With the wind now shifting to the east, our time here in Varadero is growing short. Our plans are to head west to Marina Hemingway, outside Havana, late Sunday afternoon. It’s a trip of approximately 90 miles, which will require us to sail through the night. A dinnertime departure should put us off the entrance marker to Marina Hemingway at about 0800. As has been the case for all our nighttime passages so far, it will be another moonless night. Funny how it keeps timing out that way. We don’t really enjoy the utter darkness, but we’ve grown resigned to it. Say what you may about how beautiful the stars are on a moonless night-we’d rather be able to see the ocean around us than just feel and hear it as it moves and rocks the boat. We’d really prefer to make the trip as two shorter legs that we could sail during daylight hours, with a night at anchor in route, but the authorities here have told us no, we have to go directly from here to there, with no stopping allowed. Such is the way of things here in Cuba.
One final note, before signing off – it can be extremely hard to get online here, and the clock is ticking the entire time. For those of you who have commented, we appreciate that you follow along with our adventure, but I’m afraid there just isn’t time for individual replys. Perhaps when we make it to Mexico and we have a bit more time…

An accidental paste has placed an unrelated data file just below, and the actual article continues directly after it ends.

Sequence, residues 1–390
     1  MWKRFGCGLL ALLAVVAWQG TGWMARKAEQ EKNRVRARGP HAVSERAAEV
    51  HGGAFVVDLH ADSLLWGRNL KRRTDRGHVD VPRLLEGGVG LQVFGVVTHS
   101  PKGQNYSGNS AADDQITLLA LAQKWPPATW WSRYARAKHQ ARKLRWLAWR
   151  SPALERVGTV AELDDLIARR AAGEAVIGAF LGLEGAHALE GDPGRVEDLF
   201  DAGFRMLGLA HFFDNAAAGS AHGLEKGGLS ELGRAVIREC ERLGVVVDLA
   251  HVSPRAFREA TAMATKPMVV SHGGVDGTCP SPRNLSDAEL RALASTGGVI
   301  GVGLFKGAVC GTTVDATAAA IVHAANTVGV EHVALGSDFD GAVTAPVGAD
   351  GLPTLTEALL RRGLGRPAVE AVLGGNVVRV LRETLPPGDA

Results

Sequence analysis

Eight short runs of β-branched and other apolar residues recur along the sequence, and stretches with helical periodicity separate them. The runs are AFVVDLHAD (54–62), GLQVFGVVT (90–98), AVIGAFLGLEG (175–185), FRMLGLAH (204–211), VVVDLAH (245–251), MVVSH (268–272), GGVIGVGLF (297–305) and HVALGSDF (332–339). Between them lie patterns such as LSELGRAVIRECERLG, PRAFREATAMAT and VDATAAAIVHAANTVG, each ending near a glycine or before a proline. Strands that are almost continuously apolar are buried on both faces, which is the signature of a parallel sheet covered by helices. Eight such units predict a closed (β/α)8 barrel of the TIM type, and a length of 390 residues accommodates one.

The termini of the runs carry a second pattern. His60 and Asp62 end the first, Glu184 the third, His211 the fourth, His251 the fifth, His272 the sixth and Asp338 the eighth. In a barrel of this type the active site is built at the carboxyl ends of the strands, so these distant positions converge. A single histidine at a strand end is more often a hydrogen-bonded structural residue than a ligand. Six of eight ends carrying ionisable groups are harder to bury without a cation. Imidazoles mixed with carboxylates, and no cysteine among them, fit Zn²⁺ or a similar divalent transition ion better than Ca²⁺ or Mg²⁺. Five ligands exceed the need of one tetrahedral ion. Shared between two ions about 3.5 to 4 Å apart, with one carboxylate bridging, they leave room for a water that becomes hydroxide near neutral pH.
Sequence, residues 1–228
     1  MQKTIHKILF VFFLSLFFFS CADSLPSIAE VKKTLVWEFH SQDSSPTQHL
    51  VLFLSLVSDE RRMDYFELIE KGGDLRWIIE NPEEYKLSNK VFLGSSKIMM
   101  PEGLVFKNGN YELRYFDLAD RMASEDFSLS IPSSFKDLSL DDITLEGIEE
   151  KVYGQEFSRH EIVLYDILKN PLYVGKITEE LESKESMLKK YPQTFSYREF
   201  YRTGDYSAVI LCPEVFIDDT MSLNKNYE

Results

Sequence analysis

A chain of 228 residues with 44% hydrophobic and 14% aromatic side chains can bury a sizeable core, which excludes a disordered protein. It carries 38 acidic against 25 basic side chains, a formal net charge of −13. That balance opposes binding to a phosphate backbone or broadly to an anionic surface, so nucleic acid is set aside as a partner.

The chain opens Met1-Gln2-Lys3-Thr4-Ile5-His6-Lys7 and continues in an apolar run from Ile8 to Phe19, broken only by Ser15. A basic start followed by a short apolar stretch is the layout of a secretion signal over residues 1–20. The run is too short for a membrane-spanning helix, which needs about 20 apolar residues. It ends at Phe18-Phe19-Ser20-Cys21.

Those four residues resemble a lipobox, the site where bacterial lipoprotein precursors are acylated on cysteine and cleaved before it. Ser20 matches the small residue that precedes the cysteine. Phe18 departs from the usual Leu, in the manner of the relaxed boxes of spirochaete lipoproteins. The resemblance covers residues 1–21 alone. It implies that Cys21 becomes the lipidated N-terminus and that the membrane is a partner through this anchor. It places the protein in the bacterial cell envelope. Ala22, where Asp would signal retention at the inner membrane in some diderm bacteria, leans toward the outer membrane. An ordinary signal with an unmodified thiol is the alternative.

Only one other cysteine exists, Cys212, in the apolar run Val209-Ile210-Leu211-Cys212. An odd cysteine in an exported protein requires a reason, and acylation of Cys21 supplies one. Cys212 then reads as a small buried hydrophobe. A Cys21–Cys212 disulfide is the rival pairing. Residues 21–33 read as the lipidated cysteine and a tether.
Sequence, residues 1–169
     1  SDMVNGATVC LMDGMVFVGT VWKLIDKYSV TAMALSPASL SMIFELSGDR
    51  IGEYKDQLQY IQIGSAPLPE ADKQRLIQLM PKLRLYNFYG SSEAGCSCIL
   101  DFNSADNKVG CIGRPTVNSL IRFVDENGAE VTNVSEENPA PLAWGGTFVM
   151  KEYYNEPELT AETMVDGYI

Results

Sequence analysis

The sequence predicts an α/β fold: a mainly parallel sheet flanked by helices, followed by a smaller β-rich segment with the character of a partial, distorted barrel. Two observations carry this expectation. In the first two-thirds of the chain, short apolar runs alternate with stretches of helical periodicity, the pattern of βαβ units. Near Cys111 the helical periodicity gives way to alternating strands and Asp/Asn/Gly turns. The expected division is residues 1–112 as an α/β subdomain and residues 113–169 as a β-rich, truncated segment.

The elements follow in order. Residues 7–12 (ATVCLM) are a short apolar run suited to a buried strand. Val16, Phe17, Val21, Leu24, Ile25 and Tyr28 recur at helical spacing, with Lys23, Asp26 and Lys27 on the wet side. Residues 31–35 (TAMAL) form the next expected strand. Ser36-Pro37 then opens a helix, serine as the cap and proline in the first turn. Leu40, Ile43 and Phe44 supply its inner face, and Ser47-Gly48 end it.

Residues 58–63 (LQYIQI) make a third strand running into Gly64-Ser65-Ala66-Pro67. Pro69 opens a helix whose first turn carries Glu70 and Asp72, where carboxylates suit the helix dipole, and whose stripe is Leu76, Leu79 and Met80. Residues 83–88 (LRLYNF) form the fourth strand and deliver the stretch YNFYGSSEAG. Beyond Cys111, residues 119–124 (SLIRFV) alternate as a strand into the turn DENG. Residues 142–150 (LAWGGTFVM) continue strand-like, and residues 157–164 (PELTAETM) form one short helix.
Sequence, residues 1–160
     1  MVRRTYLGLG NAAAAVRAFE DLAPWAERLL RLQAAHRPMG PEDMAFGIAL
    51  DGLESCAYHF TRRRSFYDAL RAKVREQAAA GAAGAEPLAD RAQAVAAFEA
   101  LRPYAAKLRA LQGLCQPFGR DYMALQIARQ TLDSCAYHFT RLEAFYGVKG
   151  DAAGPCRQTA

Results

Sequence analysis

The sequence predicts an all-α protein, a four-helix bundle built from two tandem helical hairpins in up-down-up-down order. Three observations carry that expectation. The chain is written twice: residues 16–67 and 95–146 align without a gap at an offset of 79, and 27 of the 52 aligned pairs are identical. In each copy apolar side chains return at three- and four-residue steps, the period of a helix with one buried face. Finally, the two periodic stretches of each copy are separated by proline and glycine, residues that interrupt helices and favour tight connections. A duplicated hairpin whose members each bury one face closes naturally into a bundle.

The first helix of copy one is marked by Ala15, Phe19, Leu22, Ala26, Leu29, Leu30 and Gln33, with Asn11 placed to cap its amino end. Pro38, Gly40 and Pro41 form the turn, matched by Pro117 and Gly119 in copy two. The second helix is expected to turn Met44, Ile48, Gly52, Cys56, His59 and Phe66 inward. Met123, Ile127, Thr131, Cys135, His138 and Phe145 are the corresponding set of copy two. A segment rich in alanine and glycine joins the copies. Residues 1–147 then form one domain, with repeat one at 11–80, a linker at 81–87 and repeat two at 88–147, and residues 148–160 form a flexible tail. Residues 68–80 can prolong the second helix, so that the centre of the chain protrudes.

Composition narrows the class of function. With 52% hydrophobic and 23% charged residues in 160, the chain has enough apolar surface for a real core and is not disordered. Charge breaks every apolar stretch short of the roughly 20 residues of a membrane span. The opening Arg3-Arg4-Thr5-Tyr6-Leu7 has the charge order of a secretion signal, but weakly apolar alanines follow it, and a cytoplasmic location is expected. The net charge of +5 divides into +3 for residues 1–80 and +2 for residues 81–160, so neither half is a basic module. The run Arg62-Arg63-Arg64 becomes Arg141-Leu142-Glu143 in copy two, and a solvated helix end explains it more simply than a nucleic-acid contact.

It’s a phrase we’ve heard a lot today. After a 20 hour motor-sail, we’re now docked at Marina Giavota Varadero, about 70 miles east of Havana. Choosing comfort as our primary concern on what we knew would be an overnight passage with no moon to light the way, we opted for flat seas rather than favorable winds for our trip across the Straits of Florida. If you’ve ever done an ocean passage on a moonless night, you know how unsettling it can be to not be able to see beyond the edges of your boat for hours on end while it charges along through the darkness at five or six knots. Throw in confused seas that produce a wallowing roll and you have a most unpleasant ride. So we picked a day to cross that offered little in the way of good sailing because of extremely light predicted winds, but promised only 1 to 3 foot seas. We left Boca Chica Marina in Key West a little after 1 PM yesterday, and while the winds clocked through 360 degrees over the next 20 hours, the Gulf Stream stayed calm due to the light and variable breeze blowing mostly at 6 to 8 knots.